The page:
(image from Pixabay)
This is some school thing from a while back that could have done with more effort, but I’ve uploaded it here because there’s no real reason not to. The only changes made are very minor. All hyperlinked words or phrases open in a new tab.
When you wander down to the shops minding your own business, who do you think sees you? Maybe a neighbour, nemesis or the creepy guy lingering near shops and house windows… or perhaps a whole bunch of CCTV cameras dotted all about the place are tracking where you wander, possibly with facial recognition and in colour if you’re in a classy place from this decade. Possibly someone is actually watching some of the footage and thinks you look suspicious; possibly some random person is watching you on their phone whilst you stand in front of a publicly viewable camera. There are only seven-odd billion people, at this rate soon eight-odd billion people in the world. Surely none of them can look alike on CCTV?
First off, let’s start off with something that is of less worry than the other negatives: privacy. Many cameras can be viewed by the public, so whether you’re watching some folk wander into the Overgate in Dundee or spying on your neighbour’s dog at the Lap of Luxury Pet Resort, there’s still that weird element of watching someone without them ever knowing. Even worse, there are CCTV apps now, so you could be sitting at a bus stop watching the ‘top rated’ cameras while someone else watches you through another CCTV camera. Does CCTV really stand for ‘closed-circuit television’ anymore? Many of these cameras can also be controlled – some are even good enough for you to be able to zoom into a book someone is reading!
Secondly, these cameras aren’t cheap. Sure, your budget mobile’s camera may look about as good as some of the CCTV footage but for some reason they are still rather pricey to install and maintain. For the price they cost, you’d think there would be something fancy about them like a little umbrella to keep the rain off and wipers to keep the lens squeaky clean. Actually, maybe they are a little fancy, but not particularly. Anyway, I digress, so let’s throw in some fancy facts. “10 Reasons Why Public CCTV Schemes Are Bad” by Simon Davies claims that “a system of twenty city centre cameras is equivalent to the cost of thirty full time police.” Now, I don’t know about you but those cameras won’t do much by themselves as we still need some trendy police officers to keep the peace.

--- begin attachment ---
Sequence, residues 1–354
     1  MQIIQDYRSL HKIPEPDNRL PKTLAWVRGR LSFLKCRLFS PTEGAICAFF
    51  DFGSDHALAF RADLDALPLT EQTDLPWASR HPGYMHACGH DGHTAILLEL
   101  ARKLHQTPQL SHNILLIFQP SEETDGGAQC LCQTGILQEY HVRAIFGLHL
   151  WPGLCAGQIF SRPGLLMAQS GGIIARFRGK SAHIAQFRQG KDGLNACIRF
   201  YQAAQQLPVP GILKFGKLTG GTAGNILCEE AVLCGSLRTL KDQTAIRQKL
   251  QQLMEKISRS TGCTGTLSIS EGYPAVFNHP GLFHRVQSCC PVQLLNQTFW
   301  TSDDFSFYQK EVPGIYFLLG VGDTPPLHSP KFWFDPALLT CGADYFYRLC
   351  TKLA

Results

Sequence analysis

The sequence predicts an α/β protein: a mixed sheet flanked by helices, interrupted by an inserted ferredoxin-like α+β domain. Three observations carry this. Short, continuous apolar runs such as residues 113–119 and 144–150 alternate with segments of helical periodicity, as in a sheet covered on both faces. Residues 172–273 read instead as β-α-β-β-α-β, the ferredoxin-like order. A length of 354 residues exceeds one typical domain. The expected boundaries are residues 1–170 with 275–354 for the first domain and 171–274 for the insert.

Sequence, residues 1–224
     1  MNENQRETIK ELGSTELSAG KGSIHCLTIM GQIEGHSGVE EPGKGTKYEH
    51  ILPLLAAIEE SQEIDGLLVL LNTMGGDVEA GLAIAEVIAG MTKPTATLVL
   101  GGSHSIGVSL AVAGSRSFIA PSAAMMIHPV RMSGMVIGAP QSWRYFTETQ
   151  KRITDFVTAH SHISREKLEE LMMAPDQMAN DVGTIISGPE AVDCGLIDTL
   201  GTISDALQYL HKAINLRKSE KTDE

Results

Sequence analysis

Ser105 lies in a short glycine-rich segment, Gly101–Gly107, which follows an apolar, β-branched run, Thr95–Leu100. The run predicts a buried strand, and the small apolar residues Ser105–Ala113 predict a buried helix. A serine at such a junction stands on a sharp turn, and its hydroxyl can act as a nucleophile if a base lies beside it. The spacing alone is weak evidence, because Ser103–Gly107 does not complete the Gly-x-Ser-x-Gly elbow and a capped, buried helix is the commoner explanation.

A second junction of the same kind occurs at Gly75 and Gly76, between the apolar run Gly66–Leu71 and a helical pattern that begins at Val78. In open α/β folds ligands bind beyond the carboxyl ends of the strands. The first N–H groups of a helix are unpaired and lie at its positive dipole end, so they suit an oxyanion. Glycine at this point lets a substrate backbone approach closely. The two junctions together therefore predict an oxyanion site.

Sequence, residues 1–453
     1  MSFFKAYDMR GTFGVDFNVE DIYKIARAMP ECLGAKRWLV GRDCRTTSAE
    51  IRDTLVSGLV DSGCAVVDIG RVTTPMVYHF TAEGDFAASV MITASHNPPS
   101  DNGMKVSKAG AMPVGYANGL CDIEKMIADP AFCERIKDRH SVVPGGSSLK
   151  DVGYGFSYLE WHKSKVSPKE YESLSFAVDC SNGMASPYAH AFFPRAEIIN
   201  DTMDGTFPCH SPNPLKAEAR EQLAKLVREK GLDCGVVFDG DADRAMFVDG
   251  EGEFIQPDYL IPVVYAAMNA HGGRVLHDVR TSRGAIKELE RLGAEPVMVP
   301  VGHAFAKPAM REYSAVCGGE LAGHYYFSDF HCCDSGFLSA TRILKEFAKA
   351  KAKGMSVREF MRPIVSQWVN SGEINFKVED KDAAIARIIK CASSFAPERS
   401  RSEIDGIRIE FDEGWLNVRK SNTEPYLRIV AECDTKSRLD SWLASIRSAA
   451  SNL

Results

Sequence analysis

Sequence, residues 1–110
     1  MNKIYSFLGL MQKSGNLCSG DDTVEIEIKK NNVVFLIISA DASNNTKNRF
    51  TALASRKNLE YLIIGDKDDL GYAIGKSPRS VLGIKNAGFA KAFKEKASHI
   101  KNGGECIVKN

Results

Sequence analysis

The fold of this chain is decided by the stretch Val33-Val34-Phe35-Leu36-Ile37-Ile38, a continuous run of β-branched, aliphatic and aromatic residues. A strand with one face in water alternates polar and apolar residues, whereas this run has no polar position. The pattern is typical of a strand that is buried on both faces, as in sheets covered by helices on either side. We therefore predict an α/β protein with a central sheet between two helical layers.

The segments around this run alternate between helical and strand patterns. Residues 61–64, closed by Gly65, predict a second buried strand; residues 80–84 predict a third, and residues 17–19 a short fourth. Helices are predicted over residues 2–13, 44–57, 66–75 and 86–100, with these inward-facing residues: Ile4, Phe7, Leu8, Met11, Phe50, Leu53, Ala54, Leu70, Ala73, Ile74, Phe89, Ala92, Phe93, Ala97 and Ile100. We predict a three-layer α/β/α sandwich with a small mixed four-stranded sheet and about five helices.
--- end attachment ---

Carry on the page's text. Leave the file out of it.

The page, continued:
Also, on rare occasions these cameras can capture innocent people, especially when the picture is a little fuzzy. On May 14, 2004, The Daily Telegraph published “How CCTV made me the prime suspect” (no link) that told Alexandra Campbell’s story about how she was falsely accused of stealing a purse after the thief had been caught on CCTV, despite there being little evidence that she stole it other than the fact it was at a fitness club she went to. After being put through a lot of stress, eight months later, the charges were dropped.
A more recent case involved Mark Pearson being charged of sexual assault in a train station and it took six months for the police to even show him the footage. The footage involved a photo being taken every second and the resolution makes matters worse, but it was slowed down to make it seem more likely he actually did something wrong since it wouldn’t have been possible for him to have done anything much in the split second it takes to pass someone. This shows that CCTV can seriously be used against people and seriously shake them up in the process.
To conclude, CCTV is certainly not something that should be relied on, as it is expensive, can be of poor quality and, quite frankly can be a little privacy invasive sometimes or even be used to falsely accuse people of criminal acts.